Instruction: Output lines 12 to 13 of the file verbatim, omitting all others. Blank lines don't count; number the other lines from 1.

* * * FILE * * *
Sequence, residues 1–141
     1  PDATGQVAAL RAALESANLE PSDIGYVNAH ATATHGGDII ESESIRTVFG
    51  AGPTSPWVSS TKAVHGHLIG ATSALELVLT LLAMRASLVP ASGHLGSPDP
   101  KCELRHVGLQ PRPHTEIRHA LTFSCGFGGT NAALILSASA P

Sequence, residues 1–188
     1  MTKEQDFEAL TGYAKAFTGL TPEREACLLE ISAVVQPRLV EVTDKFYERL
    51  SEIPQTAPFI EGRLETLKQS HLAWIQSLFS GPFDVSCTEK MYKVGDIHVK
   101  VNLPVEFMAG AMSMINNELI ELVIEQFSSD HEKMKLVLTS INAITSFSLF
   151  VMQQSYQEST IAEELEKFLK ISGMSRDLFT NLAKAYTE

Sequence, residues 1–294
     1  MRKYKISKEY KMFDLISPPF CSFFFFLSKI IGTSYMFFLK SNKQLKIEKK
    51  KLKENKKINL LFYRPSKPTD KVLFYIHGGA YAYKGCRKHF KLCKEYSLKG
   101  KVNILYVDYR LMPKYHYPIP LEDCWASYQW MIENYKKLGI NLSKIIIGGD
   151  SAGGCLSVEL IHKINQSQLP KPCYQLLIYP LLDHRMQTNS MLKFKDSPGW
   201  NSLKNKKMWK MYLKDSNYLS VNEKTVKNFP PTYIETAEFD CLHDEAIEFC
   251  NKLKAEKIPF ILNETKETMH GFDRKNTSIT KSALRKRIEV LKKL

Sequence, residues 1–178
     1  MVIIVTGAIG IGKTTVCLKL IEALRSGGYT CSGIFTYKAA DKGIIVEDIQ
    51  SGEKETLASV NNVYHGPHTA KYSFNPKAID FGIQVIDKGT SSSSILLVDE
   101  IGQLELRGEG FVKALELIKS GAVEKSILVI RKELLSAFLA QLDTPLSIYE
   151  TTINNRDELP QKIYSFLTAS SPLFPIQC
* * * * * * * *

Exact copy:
    51  KLKENKKINL LFYRPSKPTD KVLFYIHGGA YAYKGCRKHF KLCKEYSLKG
   101  KVNILYVDYR LMPKYHYPIP LEDCWASYQW MIENYKKLGI NLSKIIIGGD